Planning and hosting a regional fare dinner party for your friends
Dec 19, 2011, 6 a.m.
A dinner party is really just an excuse to celebrate our friendships in what can otherwise be a hectic life, and one truly great way to do this is by exploring American culinary roots and the exciting plethora of regional American food ways.
The East Coast
Dive into the traditions of New England regional cooking: clam chowder, lobster rolls, succotash, baked beans and brown bread, or Waldorf salad could await your guests. And a dessert could feature maple syrup, or maybe an apple pie with sharp cheddar cheese. Regional fruits--or their derivations--can include cranberries, blueberries and grapes. Other fun menu options include Philly cheese steak; Buffalo wings; Reuben sandwiches; Maryland's crab cakes; and New York style hot dogs, pizza and cheesecake.
Drift further south, and you'll know that Southern cooking isn't just about the grits. Other classics include fried chicken; buttermilk biscuits; cornbread; black-eyed peas; turnip, collard or mustard greens; fried green tomatoes; fried okra; watermelon; candied yams; catfish with hushpuppies; country ham with red-eye gravy; and pit barbecue. Deep South dishes include gumbo or jambalaya. Your dessert could be a fruit cobbler; or a type of pie, such as shoofly, chess, sweet potato, pecan, or peach.
Midwestern regional favorites are wonderful entertainment choices, too. Barbecue cooked up Kansas City style is wonderful. Bratwurst, anyone? Chicago-style hot dogs and deep-dish pizza are crowd favorites, or you could serve up some chili Cincinnati style--don't forget the spaghetti! Other regional staples include corn-on-the-cob and wild rice. Throw a tasting party with an assortment of Wisconsin cheeses.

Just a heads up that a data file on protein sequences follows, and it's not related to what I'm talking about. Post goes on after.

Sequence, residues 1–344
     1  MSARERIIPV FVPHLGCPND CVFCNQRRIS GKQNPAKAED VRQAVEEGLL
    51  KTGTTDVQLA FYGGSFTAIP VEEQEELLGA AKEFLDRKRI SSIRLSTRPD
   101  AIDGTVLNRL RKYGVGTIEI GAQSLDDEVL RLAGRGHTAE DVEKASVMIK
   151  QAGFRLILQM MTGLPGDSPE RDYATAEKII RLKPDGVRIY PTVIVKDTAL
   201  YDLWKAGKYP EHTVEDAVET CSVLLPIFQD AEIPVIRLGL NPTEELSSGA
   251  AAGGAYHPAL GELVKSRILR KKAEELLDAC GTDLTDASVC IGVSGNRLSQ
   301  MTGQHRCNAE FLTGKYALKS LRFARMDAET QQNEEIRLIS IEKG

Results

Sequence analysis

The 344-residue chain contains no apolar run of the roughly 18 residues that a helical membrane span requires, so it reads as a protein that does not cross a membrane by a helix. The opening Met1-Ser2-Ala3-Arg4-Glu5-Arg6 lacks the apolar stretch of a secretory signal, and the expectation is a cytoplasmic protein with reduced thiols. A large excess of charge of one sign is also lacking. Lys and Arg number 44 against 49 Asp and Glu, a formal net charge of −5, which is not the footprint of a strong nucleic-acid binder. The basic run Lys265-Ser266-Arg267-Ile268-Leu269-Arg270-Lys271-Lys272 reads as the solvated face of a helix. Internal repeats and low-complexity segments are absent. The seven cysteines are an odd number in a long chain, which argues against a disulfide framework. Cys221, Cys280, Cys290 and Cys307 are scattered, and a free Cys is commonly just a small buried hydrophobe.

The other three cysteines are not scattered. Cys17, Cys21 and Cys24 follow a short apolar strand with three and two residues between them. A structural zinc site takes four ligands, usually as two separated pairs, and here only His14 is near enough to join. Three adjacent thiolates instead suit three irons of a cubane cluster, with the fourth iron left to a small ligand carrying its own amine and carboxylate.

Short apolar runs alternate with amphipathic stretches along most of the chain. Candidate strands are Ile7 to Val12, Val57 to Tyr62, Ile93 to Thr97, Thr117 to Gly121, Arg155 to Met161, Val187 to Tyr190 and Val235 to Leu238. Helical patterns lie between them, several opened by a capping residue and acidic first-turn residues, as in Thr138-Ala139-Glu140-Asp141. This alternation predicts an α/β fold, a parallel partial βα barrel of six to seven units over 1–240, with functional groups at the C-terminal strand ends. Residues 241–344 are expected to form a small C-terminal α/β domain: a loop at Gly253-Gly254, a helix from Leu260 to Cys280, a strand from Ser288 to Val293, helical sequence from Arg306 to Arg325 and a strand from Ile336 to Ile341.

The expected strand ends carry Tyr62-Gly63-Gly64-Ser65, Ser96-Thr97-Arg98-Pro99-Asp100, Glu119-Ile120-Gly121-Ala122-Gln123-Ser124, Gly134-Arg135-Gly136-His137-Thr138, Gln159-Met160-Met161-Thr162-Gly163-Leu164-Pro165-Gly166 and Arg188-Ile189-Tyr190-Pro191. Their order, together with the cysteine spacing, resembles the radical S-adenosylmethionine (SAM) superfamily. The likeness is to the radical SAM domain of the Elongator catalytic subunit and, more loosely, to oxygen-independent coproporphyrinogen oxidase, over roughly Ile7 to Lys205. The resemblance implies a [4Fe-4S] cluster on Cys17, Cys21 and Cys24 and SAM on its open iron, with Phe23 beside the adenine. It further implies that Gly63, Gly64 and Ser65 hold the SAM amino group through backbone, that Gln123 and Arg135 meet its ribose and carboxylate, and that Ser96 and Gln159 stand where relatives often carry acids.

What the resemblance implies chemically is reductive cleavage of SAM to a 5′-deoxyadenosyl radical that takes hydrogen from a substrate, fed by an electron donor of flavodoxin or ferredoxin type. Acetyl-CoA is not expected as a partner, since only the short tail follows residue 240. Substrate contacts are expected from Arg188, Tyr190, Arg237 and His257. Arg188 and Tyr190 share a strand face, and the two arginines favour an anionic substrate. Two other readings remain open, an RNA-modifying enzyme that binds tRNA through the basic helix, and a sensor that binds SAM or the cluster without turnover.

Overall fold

Think of the Southwest, and you're probably thinking of the blend of flavors produced by the fusion of Native American, Mexican, and ranch-style cooking. Some regional stars include chili verde, chili rellenos, and chili con carne. (Is there a theme here?) Other favorites include tamales, chimichangas, quesadillas, tacos, nachos, Texas style barbecue, fajitas, enchiladas, burritos, guacamole, salsa, and pozole--a main dish soup comprised of chili, pork and hominy. Tap into the chuckwagon tradition by adapting dutch-oven recipes, such as dutch-oven potatoes, to cook in a covered casserole in your oven at moderate heat. Choices for dessert include a variation of flan, the caramelized sugar baked custard; or Pastel Tres Leches, Three Milk Cake.
The Pacific Northwest
Bring the riches of the Pacific Northwest to your table by serving your guests grilled or smoked salmon, Rocky Mountain rainbow trout, or shellfish, such as oysters, crabs, and clams. Other delicacies include mushrooms; Idaho's potatoes; and game, such as elk, moose or caribou. Highlight the region's fruit, including succulent berries, pears and apples, in your dessert course.
The West Coast
California offers an amazing variety of fresh produce, along with culinary contributions from its immigrant cultures. Favorites include Cobb salad, and cioppino or minestrone. It's here that nouveau pizzas were created, perhaps topped with goat cheese, arugula, or roasted vegetables. Serving a fresh salad? Top it with green goddess or ranch dressing, both concocted here. Fish and shellfish are ambassadors of the area, and carry a variety of Asian flavors beautifully. Finish off the meal with your choice of fruit and maybe some seasoned, roasted almonds.
The Hawaiian Islands
Hawaiian cuisine is fusion cooking at its essence; the native dishes saw influences from Chinese, Japanese, Filipino, Korean, American, Polynesian and Portuguese immigrants. With that said, it's still fun to host a Hawaiian luau, complete with rice, glazed chicken or roasted pork, and plenty of fresh fruit.
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